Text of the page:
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Do soy isoflavones improve cognitive function in postmenopausal women? A meta-analysis

Cheng, Peng-Fei PhD1,2,3; Chen, Jian-Jun PhD1,2,3; Zhou, Xin-Yu PhD1,2,3; Ren, Yi-Fei MD1,2,3; Huang, Wen PhD4; Zhou, Jing-Jing MD1,2,3; Xie, Peng MD1,2,3

doi: 10.1097/GME.0000000000000290
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Objective Several studies have demonstrated that soy isoflavone (SIF) supplementation can improve aspects of cognitive function. However, these findings remain controversial. We aimed to quantify the effects of SIF supplementation on improving cognitive function in postmenopausal women.

Methods Databases and relevant Websites were searched for relevant studies up to March 2014. Two reviewers independently verified all potentially suitable randomized controlled trials (RCTs) using inclusion and exclusion criteria, and the quality of identified RCTs was assessed using the Jadad scale and the Risk of Bias Tool from the “Cochrane handbook for systematic reviews of interventions.” Any disagreement on study quality or data extraction was resolved by consensus; a third reviewer was consulted if needed. Standardized mean differences (SMDs) in cognitive function test scores were calculated between SIF-treated and placebo-treated groups.

Results We conducted a meta-analysis of 10 placebo-controlled RCTs of SIF supplementation (1,024 participants; treatment duration of 6 wk to 30 mo). The overall SMD in summary cognitive function test scores (0.08) was statistically significant (95% CI, 0.02-0.15; P = 0.014). The summary SMD for visual memory (0.10) was statistically significant (95% CI, 0.02-0.18; P = 0.016). In subgroup analyses, the statistically significant SMDs were as follows: 0.12 (95% CI, 0-0.25; P = 0.044) for non-US countries; 0.16 (95% CI, 0.05-0.28; P = 0.004) for mean age younger than 60 years; and 0.15 (95% CI, 0.03-0.27; P = 0.011) for treatment duration less than 12 months.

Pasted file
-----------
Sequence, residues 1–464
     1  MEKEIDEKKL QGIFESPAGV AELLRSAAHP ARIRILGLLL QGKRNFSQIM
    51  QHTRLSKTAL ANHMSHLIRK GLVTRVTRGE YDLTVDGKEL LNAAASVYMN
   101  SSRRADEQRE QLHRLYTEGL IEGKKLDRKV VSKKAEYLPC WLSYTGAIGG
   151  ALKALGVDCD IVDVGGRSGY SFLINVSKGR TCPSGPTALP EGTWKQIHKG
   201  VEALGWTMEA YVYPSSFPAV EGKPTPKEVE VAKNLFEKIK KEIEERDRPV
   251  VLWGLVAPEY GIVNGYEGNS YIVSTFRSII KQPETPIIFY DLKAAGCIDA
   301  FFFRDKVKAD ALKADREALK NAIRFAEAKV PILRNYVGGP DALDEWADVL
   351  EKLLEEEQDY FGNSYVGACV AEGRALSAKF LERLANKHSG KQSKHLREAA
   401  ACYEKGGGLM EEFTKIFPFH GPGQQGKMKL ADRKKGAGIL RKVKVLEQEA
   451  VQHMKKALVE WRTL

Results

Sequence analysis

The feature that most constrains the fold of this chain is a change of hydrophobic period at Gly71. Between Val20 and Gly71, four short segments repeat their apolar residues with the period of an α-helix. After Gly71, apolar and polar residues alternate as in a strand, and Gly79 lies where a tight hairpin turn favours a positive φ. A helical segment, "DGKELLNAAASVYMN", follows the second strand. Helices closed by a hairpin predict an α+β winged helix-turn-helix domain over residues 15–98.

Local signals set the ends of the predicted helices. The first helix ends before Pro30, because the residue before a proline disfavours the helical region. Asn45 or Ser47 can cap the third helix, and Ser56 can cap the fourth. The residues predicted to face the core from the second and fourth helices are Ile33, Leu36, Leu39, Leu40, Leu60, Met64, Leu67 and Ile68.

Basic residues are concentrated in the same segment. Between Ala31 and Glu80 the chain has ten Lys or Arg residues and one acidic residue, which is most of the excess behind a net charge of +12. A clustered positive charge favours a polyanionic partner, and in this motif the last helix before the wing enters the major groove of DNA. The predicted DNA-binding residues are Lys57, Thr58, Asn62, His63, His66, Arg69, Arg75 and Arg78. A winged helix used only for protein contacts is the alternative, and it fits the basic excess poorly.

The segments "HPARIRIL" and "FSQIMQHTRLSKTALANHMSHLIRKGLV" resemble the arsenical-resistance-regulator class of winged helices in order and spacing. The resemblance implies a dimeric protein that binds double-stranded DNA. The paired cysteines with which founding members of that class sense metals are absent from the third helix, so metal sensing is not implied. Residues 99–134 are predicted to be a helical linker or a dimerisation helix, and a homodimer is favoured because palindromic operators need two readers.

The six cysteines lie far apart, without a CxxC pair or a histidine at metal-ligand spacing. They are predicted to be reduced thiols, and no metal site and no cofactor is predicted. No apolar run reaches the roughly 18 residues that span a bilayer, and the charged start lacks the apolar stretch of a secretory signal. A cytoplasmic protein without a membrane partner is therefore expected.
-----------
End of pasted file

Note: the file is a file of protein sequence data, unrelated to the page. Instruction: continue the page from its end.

Conclusions SIF supplementation seems to have a positive effect on improving summary cognitive function and visual memory in postmenopausal women. There may be a critical window of opportunity in initiating SIF use at an earlier age in postmenopausal women, and geography and treatment duration seem to be factors influencing the effects of SIF supplementation. All individuals in the included studies should be followed up to observe the incidence rates of Alzheimer’s disease and dementia, and future studies should report any adverse effects of SIF supplementation.

Supplemental digital content is available in the text.

From the 1Department of Neurology, The First Affiliated Hospital, Chongqing Medical University, Chongqing, China; 2Chongqing Key Laboratory of Neurobiology, Chongqing, China; 3Institute of Neuroscience, Chongqing Medical University, Chongqing, China; and 4Department of Neurology, Xinqiao Hospital, Third Military Medical University, Chongqing, China.

Received February 19, 2014; revised and accepted May 7, 2014.

P.-F.C. and J.-J.C. contributed equally to this manuscript.

Funding/support: This study was sponsored by the National Basic Research Program of China (973 program, grant 2009CB918300; general program, grant H0906).

Financial disclosure/conflicts of interest: None reported.

Supplemental digital content is available for this article. Direct URL citations appear in the printed text and are provided in the HTML and PDF versions of this article on the journal’s Website (www.menopause.org).

Address correspondence to: Peng Xie, MD, Department of Neurology,The First Affiliated Hospital, Chongqing Medical University, 1 Yixueyuan Road, Yuzhong District, Chongqing 400016, China. E-mail: xiepeng58@21cn.com

© 2015 by The North American Menopause Society.